NASA: Three Social Media lessons from Space

As a 12 year old, I was obsessed with space to the point where I was convinced I was going to become an astronaut and figure out a way we could experience the Great Red Spot on Jupiter (it’s this huge storm that’s been raging there for the past 300 years or so!). One lesson in Year 11 physics squashed any of these aspirations.

But, to this day, National Aeronautics and Space Administration (NASA) and anything remotely space related fascinates me and now, as a strategist, NASA’s online presence is something short of remarkable. How is it that such a decentralised government agency has almost 10 million followers across all its social platforms without any social budget?

To give you a scale of how active they are on social, take a look at the below. This screenshot does not capture the profiles of over a 150 astronauts, centers and facilities. With more than 500 accounts spread across 10 social media platforms, NASA has one of the most engaged and loyal fan bases. So, what can we learn from them?

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Content that speaks from the heart

There is a person behind every research piece. What NASA does brilliantly is capture the passion and the expertise that each scientist brings to the table and create a story around their discoveries. Take for example the Curiosity Rover (the cute little guy who is currently exploring Mars) Seen as NASA’s ‘flagship’ product, it has its own voice through its own Facebook, Twitter & Foursquare account. So successful is Curiosity Rover’s social presence, it won four Webby awards.

 

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Key takeout:

Consider what’s the best way to tell your product or service’s story. A story means a voice and a persona –it’s totally worth it!

Content out of this world that relates to home

NASA is brilliant at creating topical content that is in line with what is going on with the rest of the world. However, they go beyond simply jumping on the #topicalcontenthashtags. A lot of their posts focus on creating an ongoing conversation with their audience. This involves extensive retweeting on Twitter and responding to generic inquires across all their platforms.

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Key takeout:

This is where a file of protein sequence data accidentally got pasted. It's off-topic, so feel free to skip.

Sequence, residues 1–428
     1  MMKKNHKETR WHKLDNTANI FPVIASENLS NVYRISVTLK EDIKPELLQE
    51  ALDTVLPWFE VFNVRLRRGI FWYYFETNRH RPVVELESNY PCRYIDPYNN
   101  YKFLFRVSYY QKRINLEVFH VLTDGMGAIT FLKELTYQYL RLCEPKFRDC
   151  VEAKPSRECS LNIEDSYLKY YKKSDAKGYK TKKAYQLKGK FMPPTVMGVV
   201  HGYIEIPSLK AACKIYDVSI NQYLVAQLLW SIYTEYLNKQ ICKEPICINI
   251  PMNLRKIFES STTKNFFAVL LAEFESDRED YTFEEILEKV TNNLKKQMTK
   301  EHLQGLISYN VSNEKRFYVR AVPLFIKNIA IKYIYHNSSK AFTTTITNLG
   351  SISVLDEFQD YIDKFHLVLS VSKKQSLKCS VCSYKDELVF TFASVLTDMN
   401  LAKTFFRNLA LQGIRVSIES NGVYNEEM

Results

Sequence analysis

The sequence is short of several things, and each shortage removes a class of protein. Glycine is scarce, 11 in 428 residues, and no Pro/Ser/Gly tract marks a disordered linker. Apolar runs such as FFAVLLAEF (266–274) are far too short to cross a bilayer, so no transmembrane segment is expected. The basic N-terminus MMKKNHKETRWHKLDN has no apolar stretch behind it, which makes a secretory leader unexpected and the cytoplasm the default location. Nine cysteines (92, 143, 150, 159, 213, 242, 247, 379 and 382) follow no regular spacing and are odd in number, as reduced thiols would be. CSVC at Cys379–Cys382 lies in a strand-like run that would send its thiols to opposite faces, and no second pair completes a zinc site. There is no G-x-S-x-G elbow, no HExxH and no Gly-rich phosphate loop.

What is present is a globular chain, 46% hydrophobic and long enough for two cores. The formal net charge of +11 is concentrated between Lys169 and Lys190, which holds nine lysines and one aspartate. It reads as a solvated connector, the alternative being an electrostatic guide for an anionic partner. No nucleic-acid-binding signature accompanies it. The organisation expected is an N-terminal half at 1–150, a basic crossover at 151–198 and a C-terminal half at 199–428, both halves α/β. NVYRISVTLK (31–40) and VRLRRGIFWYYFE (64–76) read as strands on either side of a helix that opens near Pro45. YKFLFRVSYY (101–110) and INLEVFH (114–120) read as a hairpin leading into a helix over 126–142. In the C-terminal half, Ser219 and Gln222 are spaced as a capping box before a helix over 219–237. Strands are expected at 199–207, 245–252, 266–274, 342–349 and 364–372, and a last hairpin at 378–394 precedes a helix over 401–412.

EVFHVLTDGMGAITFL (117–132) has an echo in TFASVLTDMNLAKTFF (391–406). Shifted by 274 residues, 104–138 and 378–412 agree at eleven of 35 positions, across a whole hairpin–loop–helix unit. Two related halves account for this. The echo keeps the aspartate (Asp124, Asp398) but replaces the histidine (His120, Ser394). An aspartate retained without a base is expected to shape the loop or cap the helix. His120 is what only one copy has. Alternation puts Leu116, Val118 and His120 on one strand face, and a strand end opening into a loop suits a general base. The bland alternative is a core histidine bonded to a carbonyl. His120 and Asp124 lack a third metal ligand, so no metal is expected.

Simply engaging in topical content isn’t enough. Test and learn ways to customise this trend for your brand and create an ongoing conversation with your audience.

 Making the best use of each platform

As I write this post, NASA is live streaming one of its Spacecraft’s Flight test on its Youtube channel. Whether it’s integrating short 30 second videos on Instagram or using Google Hangouts or posting the first ever Vine from Space, NASA tailors content specifically for each platform. More often, content from each platform becomes news worthy. The best example to illustrate this is when Chris Hadfield, a Canadian astronaut covered David Bowies’s ‘Space Oddity.’ Fitting song given where Hadfield was (a good 15,000 kms above Earth)

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Key takeout:
Creating great content is never enough. Consider where it sits for your audience.

NASA and its earthly connections

In a 2003 study conducted for the Houston Chronicle regarding the American public’s opinions about NASA, for those in the 18-24 age bracket, there was a 70% approval rating. In contrast, was the 57.9% rating by those over 65. This study revealed that a young, digital native audience demanded more of what NASA had to offer- 66% of this audience were interested in another mission to the Moon and almost 60% thought that it was important to land humans on Mars. The sort of content that NASA produces leaves this audience wanting more. With the opportunity to go behind-the-scenes at the agency’s facilities and events and chat with astronauts and scientists, there is a ‘pull’ factor to NASA’s products.

Key take out:

Know. Your. Audience

So in a nutshell, the key take outs are:

  • Even the most technologically complex piece can become an interesting source of content- if you tell the story correctly
  • As the most of us don’t have access to out of the world imagery, share info that is only worth your audience’s time and interest
  • A social network is next to nothing without a conversation flowing back and forth between the brand and its followers.

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